Writing about the demise of Portland’s NLL team, the LumberJax, the Oregonian‘s John Canzano seems especially ungracious and misguided.

Ungracious, because… well, let me just perform a little surgery on a few excerpts:

The market does not lie. And sponsors decided minor league lacrosse that advertising in the daily newspaper wasn’t a must-have. So did regular families who have to make responsible decisions about where to spend their disposable income. I suspect those businesses and families would make a more ambitious decision if they felt what they were buying was grand….

According to the lacrosse team, sponsorship dollars fell more than $300,000 from a year ago. Which is only to say that businesses realized there were better places to spend. And so we’ve arrived at the moment in which the lacrosse team will begin looking for another home newspapers go out of business.

And misguided because elsewhere he implies the city’s planned new MLS team means that Portland no longer needs to trifle with the smaller sports. Which is fine, but let’s not pretend the MLS Portland Timbers or its AAA baseball sister franchise will be market-driven, profit-making entities – they are entities that might make money, a possibility that is still entirely dependent on whether or not the city helps them renovate the stadium and put together a new baseball park.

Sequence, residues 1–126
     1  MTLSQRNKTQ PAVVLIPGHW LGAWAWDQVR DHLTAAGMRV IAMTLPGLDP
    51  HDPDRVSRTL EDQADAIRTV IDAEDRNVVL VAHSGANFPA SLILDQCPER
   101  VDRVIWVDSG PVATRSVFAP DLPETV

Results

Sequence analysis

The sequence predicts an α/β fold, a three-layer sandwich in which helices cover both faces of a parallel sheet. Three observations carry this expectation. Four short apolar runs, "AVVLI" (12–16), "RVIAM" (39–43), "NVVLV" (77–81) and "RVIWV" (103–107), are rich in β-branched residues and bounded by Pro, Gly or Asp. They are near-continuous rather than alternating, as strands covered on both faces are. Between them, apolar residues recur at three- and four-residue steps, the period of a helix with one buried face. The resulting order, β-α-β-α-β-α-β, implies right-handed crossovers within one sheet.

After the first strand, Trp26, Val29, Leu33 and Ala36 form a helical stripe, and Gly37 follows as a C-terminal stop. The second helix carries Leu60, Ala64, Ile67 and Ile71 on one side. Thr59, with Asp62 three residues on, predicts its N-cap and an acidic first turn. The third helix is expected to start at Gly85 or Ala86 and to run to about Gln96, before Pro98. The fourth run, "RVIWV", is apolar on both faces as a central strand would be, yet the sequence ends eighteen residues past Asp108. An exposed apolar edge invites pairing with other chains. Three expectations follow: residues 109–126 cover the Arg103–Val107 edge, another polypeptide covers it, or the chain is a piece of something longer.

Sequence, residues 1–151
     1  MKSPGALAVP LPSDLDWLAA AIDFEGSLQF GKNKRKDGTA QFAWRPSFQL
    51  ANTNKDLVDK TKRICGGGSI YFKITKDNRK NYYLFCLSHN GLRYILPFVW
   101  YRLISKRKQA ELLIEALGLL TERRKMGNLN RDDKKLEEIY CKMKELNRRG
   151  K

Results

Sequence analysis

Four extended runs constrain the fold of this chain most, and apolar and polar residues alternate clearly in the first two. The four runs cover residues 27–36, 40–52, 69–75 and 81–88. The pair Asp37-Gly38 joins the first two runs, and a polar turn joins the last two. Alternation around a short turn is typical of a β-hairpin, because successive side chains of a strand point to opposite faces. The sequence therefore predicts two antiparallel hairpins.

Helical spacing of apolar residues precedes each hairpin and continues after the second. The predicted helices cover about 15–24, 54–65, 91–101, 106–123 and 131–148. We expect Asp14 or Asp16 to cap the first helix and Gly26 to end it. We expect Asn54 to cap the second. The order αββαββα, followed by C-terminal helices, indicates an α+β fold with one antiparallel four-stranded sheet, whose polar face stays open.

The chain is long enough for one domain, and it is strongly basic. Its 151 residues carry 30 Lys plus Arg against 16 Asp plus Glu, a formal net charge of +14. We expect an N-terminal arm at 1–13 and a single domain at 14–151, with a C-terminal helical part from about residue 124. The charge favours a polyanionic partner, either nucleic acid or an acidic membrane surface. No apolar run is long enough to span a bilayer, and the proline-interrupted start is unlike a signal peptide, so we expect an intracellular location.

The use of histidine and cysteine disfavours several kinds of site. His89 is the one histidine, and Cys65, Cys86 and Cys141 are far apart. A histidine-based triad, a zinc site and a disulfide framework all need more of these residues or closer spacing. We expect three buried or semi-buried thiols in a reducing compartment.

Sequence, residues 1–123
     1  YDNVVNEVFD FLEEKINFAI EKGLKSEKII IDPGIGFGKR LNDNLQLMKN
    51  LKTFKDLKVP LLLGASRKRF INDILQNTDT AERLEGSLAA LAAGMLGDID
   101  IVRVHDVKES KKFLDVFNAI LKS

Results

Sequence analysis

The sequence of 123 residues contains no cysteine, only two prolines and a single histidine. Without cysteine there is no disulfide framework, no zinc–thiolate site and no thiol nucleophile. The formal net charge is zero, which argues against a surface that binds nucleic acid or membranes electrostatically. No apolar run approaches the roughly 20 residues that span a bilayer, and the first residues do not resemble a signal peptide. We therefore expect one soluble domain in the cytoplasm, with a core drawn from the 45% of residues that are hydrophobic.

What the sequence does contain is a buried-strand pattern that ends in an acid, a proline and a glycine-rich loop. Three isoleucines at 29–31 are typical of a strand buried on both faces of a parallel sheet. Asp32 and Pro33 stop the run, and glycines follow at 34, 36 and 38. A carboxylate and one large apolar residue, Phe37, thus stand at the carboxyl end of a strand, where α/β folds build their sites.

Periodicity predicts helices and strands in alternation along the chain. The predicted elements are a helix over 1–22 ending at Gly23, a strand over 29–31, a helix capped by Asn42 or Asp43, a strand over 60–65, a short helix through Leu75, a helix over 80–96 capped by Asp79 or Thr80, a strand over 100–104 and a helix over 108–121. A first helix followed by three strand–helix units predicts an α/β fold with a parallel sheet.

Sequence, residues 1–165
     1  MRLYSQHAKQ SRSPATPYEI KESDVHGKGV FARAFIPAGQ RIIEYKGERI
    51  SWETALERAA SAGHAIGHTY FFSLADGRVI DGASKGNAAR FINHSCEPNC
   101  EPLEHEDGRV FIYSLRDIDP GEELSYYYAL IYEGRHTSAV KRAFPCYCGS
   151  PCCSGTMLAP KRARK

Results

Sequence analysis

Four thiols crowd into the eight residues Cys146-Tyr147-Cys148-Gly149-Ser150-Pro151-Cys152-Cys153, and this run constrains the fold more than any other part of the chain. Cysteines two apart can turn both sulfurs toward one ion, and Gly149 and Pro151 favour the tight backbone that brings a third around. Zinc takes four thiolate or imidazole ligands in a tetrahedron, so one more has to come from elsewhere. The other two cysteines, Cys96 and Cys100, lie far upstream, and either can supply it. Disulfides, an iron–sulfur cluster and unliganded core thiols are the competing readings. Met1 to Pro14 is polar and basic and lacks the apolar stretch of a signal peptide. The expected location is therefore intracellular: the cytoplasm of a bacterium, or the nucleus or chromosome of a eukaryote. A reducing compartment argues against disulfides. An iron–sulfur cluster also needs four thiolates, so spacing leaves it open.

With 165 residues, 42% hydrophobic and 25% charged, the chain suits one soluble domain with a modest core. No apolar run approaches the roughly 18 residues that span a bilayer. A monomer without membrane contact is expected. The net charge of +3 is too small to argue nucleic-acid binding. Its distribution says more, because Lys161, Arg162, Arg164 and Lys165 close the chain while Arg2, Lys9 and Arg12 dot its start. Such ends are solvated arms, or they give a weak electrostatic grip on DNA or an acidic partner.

Obviously a lacrosse team isn’t going to get that kind of deal. Unless it’s owned by a bigger franchise (as in Colorado) or enjoys primary tenancy (as in suburban Chicago) most lacrosse teams basically exist for as long as their owners believe in what they’re doing and are willing to lose money, something that certainly describes Canzano’s ultimate boss Si Newhouse too. So it’s hardly a surprise this day would come. The team wouldn’t have existed without the economic boom (owner Angela Batinovich’s father is in REITs), so it can’t exist during the economic bust.

The Jax also benefited from starting while the Blazers were still loathed (not because of the Jail Blazers but rather the bankruptcy of Paul Allen’s arena holding company, and public threats to sell the team). Talk of trying to keep the franchise alive in Seattle actually makes sense, because you’ve got no in-season competition, with an empty building – even the junior hockey franchise has moved elsewhere -which might give the team a better deal. The LumberJax did have a quality product, but a niche product, and now they’ll need a business model that’s not based on the 2005 economy. After all, the NLL almost cancelled the whole season last year.